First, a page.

• Once you have installed SCCM, it is very easy to get VMs installed and configured as if this was an actual enterprise. This is something not everyone gets to experience and becomes an excellent skillset to have in your pocket.

Lab_Benefits_VMs2Lab_Benefits_VMs3 Lab_Benefits_VMs4

Lab_Benefits_VMs5 Lab_Benefits_VMs7 Lab_Benefits_VMs8

  • Backing up and Restoring VMs.

    • While it does sound kind of boring, it is an essential skill every administrator should have. More importantly being able to test your restores becomes even more critical as your virtual infrastructure grows.
Lab_Benefits_Backups1

Successfully Scheduling Backups

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Going through a VM Restore

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Monitoring the VM Restore Job

  • Setting up a Firewall Appliance and Mock DMZ Setup.

    • Being able to successfully setup a Firewall appliance and actually creating a DMZ subnet will enable you to experience the challenges required in managing and maintaining a growing list of Firewall rules. Also, enables you to monitor it for communication failures to further troubleshoot issues.
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Base set of Firewall Rules

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Free Firewall Appliance

  • Setting up a Root Certificate Authority and Sub-CA

    • Going through the annoying process of creating a Root CA and Sub-CA will definitely make you a better admin or an angry admin. However, understanding how this technology works may help you have a better grasp on it and maybe even help you upgrade to SHA2 if you still haven’t already upgraded your CA.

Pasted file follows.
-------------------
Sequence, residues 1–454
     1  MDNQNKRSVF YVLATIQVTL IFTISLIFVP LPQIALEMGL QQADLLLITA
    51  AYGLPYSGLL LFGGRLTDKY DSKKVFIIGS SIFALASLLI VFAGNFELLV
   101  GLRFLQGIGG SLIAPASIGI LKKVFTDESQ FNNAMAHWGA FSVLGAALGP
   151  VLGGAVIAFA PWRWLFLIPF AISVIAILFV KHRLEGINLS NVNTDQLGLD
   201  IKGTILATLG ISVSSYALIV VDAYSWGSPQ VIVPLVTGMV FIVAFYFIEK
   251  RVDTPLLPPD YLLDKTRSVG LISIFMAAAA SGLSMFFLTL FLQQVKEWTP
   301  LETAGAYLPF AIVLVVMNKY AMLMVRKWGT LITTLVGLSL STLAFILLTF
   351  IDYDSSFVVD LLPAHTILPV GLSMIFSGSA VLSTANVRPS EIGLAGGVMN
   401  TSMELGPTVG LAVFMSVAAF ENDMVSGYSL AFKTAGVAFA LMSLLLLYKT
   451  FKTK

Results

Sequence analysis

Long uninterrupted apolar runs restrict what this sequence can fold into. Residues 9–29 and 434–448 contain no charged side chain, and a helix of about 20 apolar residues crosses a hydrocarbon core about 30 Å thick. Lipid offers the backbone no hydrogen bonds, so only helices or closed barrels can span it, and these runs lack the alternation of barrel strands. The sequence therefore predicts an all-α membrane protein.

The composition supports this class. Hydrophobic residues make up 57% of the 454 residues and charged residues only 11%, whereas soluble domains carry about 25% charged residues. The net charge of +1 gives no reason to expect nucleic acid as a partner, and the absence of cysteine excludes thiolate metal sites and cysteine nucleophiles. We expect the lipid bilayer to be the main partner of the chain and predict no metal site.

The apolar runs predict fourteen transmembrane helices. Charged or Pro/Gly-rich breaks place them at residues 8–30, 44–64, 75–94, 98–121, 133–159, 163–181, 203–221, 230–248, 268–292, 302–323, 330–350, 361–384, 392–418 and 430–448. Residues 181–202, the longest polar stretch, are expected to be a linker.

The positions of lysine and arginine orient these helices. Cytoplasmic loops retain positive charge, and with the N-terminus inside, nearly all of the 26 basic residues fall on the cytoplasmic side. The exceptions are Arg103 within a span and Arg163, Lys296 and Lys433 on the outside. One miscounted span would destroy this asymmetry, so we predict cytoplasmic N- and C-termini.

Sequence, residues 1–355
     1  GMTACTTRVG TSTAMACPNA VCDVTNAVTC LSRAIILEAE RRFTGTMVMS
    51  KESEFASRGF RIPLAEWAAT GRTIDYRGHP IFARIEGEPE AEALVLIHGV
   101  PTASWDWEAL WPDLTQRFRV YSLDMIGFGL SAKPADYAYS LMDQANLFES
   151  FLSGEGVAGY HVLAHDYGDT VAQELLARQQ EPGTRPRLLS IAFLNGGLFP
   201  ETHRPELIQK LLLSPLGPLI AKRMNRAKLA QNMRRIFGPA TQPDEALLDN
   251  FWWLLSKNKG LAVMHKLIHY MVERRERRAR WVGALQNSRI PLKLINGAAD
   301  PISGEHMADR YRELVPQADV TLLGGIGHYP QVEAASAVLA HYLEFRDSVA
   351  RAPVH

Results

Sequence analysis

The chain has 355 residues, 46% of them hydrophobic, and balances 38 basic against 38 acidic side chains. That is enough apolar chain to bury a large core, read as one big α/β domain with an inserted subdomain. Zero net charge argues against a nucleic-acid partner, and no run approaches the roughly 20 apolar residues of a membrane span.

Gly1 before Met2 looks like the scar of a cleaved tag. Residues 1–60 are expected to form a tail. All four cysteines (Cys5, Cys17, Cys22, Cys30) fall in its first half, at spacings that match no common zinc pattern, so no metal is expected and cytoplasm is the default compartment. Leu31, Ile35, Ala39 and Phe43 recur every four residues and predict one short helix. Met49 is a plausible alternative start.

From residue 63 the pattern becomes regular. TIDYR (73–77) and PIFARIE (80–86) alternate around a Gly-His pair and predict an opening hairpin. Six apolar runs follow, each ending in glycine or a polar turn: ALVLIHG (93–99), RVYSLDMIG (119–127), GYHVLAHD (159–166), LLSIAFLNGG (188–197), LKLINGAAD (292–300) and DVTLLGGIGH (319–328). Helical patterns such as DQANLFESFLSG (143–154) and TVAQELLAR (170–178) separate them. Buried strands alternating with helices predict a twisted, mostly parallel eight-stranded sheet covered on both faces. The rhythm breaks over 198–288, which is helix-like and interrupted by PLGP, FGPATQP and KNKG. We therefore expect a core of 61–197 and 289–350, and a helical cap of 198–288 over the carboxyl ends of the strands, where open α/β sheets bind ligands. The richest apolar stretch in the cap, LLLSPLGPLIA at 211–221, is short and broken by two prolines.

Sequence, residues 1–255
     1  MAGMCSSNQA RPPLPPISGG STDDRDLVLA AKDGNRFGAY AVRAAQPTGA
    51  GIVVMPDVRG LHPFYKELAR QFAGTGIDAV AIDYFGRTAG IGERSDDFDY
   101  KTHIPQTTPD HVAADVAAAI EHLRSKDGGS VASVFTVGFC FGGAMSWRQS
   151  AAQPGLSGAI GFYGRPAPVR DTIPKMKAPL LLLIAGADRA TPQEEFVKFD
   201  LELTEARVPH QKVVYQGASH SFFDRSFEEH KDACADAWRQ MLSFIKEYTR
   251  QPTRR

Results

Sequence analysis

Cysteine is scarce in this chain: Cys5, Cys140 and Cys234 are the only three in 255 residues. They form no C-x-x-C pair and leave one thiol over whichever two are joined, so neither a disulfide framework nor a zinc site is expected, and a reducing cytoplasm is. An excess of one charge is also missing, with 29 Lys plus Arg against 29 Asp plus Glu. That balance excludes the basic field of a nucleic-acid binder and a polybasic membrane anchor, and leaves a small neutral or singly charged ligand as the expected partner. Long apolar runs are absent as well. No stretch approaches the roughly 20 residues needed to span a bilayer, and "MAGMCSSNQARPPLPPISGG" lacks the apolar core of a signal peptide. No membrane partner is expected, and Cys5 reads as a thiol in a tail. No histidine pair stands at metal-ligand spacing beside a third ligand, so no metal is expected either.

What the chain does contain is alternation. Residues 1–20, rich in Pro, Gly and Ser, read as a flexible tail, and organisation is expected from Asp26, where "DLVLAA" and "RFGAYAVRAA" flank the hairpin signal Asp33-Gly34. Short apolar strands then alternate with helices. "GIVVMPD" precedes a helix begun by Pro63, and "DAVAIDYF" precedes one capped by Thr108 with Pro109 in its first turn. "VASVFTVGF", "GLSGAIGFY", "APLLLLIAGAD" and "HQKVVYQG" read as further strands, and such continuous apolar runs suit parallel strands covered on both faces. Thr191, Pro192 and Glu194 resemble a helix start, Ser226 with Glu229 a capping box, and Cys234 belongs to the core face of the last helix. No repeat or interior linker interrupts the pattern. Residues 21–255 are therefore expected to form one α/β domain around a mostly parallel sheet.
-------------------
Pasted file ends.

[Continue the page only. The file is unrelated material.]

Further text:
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Creating CA Templates

 

  • Setting up an ADFS server and ADFS Proxy Server

    • By effectively utilizing DMZ zones, Certificates and VM automation, you can continue learning about AD Federation Services that may come in hand if your organization starts to consider Office 365. Definitely one of the most annoying setups in a lab environment, since it is very picky in how everything is done. It can also be broken very easily, so once you set it up correctly, be sure to write down some notes.
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ADFS Auth Policies

  • Let’s Not Forget, Automating Tasks When Possible

    • So, want to keep your VM lab up to date with patches and want to save virtual resources. Simple, create a schedule task to turn on and turn off specific VMs every so often.
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Scheduling a Repeating Task

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A Simple PowerShell

So after all of these examples and screenshots, you should definitely dislike me or agree with me. The idea of running your own home lab environment seems quite beneficial to the IT enthusiast and IT professional looking to further expand their skills.

 

One thought on “Building a Home Lab – Part 3 – Benefits

  1. Pingback: Building a Home Lab – Part 2 – Functionality | OMG Tech Stuff